Since the early Islamic states of the eighth and ninth centuries, sharia law always existed alongside other rules of behavior. Most Muslim-majority countries adopt various forms of sharia. According to BBC, some countries adopt only a few aspects of Sharia; some have a mix of sharia and British laws while others apply the entire code.
Within Sharia law, some crimes are known as the hudud crimes, for which there are specific penalties specified by Islamic sharia law. For example, adultery is punished by stoning, the consumption of alcohol by flogging, and theft by the amputation of hands. Many predominantly Muslim countries do not endorse hudud penalties in their criminal justice systems.
In short, some middle east countries practice the classical sharia law including hudud penalties along with condoning female genital mutilation(FGM has been ordered by ISIS for all girls between 11- 16 in Mosul; it is still accepted in a few Middle East countries such as Yemen, and Saudi Arabia); while denying education to girls over the age of 10. ( Pakistani Taliban in the Swat area have ordered 120,000 girls to stop attending schools; In Iraq, armed groups have been bombing girls’ primary schools.) Examples of countries governed by strict sharia laws are Saudi Arabia and Iran. Then there are those regions which implement a mix of sharia and western type legal systems. Finally there are countries with a majority Muslim population which are governed by a more secular system such as Turkey.
Islamic extremist groups such as ISIS want to impose a form of sharia which is considered extreme even by the standards of other groups like al-Qaeda and the Taliban.
Wikipedia reports the following with regards to stoning:
“Stoning is called Rajm in Islamic literature, and a practice found inUAE, Iran, Qatar, Saudi Arabia, Somalia, Sudan, Yemen and Pakistan. In some countries such as Afghanistan and Iraq (US influence), stoning has been declared illegal, but it is practiced extra judicially. In several others, people have been sentenced to death by stoning, but the sentence has not been carried out. In modern times, allegations of stoning are politically sensitive, as in case of Iran, which describes such allegations as political propaganda.”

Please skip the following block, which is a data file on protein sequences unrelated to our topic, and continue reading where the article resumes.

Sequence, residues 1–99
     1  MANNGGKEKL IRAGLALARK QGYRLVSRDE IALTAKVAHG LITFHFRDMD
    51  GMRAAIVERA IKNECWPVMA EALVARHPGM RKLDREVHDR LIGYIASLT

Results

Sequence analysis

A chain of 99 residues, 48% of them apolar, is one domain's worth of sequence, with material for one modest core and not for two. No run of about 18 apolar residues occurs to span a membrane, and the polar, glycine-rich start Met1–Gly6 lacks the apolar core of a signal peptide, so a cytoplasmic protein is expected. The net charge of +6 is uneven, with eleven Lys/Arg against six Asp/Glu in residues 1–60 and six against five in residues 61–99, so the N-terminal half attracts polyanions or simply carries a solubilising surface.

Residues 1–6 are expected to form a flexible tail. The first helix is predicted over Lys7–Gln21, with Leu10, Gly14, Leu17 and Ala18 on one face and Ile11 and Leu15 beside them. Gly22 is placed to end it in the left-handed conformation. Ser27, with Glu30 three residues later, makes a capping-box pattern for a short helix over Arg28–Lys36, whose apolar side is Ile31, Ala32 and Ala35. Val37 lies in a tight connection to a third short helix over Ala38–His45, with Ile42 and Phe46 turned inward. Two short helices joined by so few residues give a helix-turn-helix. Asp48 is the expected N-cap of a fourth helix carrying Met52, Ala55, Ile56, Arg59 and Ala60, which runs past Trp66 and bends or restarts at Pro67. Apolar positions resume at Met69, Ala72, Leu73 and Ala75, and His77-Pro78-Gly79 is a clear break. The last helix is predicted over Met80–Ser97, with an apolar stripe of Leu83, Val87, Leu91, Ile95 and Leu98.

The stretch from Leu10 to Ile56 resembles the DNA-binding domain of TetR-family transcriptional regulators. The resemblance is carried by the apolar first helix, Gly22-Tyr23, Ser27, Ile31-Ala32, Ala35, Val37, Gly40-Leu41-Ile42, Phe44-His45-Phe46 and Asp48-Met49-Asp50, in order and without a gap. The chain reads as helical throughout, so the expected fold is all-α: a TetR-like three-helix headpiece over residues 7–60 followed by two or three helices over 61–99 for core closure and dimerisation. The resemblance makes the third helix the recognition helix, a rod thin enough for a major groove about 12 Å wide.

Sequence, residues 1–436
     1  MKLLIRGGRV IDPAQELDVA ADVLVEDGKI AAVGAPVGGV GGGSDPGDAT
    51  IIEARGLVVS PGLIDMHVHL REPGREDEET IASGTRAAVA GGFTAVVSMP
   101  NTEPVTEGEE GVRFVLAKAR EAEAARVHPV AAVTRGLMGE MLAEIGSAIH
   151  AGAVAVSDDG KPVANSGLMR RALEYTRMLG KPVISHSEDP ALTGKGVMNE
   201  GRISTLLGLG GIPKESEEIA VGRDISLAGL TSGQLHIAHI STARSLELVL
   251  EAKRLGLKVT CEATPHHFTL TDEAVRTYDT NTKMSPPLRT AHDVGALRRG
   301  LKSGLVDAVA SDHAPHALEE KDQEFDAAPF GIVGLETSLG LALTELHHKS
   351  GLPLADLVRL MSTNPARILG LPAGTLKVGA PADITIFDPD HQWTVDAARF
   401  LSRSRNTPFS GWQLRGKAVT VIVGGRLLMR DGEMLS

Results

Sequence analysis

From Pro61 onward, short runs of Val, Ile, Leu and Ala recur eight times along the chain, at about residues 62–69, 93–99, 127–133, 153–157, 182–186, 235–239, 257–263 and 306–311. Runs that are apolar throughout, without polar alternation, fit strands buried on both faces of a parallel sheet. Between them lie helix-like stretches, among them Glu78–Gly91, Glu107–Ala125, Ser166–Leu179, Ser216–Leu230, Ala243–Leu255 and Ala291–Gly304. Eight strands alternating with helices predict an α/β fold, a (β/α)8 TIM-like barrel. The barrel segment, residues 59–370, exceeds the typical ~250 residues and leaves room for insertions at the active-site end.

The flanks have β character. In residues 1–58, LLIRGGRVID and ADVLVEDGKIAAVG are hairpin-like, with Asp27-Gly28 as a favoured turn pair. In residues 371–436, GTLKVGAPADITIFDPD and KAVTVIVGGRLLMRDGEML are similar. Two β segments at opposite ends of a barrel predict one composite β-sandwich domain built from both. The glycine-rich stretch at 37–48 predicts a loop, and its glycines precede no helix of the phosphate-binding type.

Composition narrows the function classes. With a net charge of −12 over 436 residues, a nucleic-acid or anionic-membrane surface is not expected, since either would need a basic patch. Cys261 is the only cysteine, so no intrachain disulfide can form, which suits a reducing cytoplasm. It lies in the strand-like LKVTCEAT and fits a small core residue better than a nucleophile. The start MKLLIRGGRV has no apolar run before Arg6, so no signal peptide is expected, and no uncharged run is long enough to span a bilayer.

“Once the Taliban took over (Afghanistan), stoning became the official punishment for many crimes. The US LED OCCUPATION ended stoning as an official court ruling, but it still occurs unofficially. A 2013 Pew poll indicates that 99% of Afghans favor being governed sharia law.) A Taliban-ordered public stoning of a couple accused of adultery took place in Kunduz on August 15, 2010. Another public stoning occurred in 2011, in Ghazni province, when a group of armed men stoned and shot dead a woman and her daughter. According to official authorities, the Taliban had accused the victims of “moral deviation and adultery.”
“In early 2013, a spokesman for judicial committee of Iran’s parliament stated that stoning is no longer mentioned in Iran’s legislation, but that punishment will remain the same as it is Islamic law. He questioned Western enmity against Iran, and termed the campaign to remove Rajm as noise against the implementation of Islamic law in Iran. Legal scholars concur that while certain stoning-related passages have been removed from Iran’s new penal code, other passages in the new code refer to stoning, and stoning remains as a possible form of punishment under the new Iranian penal code. “Amnesty International has documented 76 cases of lethal stoning between 1980-1989 in Iran, while the International Committee Against Execution (ICAE) has reported that 74 others were stoned to death in Iran between 1990-2009.”